The Silent Killer: The Ass as Personification of Illness in North Indian Folklore
Journal: Religions of South Asia
Śītalā (‘the Cold One’), a mother goddess worshipped in Northern India, Pakistan, Nepal and Bangladesh, is traditionally represented as a beautiful young lady riding a donkey. But the ass is a rather marginal character in both oral narratives and devotional/auspicious literature. Unlike the majority of divine mounts in classic and popular Hinduism, the animal has no proper name and is speechless. Vernacular and Sanskrit literatures do not indulge in descriptions, nor do they mention its gender. In brief, the donkey is an annihilated mythological character. In this article I will discuss the ass as a living symbol of illness. My analysis will examine narratives in Sanskrit and vernacular (Hindi, Bhojpuri and Bengali) texts where the ass is associated with goddesses of death, disease and misfortune. By reflecting on several years of fieldwork in India, I will then confute past and present readings of Śītalā as a ‘smallpox goddess’ and will explore the role of the ass as a metonym for illness. So rather than being disease per se, Śītalā is a controlling deity, a performance symbolically rendered through riding the ass. Besides shedding new light on the worship of an extremely popular goddess, this article eventually reflects on the origin of mechanisms of cultural blame and pollution originated at the convergence of the praxis and social behaviour of human and non-human animals (as well as other-than-human persons) in Northern India.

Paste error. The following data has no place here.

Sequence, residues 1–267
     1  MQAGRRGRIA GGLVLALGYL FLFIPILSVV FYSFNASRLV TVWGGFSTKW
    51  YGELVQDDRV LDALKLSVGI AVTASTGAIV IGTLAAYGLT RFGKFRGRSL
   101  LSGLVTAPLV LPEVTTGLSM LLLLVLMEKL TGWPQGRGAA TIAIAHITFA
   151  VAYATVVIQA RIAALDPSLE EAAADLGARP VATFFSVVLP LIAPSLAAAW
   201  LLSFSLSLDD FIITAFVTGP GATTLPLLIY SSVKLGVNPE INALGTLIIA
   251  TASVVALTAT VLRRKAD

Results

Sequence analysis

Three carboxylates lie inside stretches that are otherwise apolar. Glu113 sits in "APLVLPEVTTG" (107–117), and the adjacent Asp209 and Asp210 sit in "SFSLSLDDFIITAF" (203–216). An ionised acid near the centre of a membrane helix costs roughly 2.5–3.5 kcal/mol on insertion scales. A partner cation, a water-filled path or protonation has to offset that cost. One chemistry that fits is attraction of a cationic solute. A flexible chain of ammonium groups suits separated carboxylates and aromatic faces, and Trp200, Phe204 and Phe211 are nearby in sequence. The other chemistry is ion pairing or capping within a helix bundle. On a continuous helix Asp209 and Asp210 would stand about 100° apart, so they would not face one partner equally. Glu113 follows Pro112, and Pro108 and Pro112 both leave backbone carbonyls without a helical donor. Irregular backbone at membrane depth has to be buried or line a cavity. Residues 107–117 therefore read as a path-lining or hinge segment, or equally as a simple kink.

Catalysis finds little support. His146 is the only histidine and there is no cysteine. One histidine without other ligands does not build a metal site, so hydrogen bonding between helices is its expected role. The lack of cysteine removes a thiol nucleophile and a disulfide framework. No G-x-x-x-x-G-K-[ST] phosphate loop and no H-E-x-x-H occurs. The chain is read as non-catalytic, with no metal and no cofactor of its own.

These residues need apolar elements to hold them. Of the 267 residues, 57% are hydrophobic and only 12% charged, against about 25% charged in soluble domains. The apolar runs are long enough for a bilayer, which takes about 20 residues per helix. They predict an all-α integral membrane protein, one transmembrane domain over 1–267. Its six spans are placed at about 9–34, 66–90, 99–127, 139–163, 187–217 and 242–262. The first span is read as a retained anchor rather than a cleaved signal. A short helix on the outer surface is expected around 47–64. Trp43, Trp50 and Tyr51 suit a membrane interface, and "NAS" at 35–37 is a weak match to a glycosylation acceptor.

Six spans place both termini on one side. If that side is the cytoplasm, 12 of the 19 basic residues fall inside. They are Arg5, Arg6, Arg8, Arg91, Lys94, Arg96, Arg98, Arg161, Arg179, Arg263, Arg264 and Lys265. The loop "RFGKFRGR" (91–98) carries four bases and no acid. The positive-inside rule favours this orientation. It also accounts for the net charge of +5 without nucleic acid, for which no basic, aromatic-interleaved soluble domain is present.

Author: Fabrizio M. Ferrari
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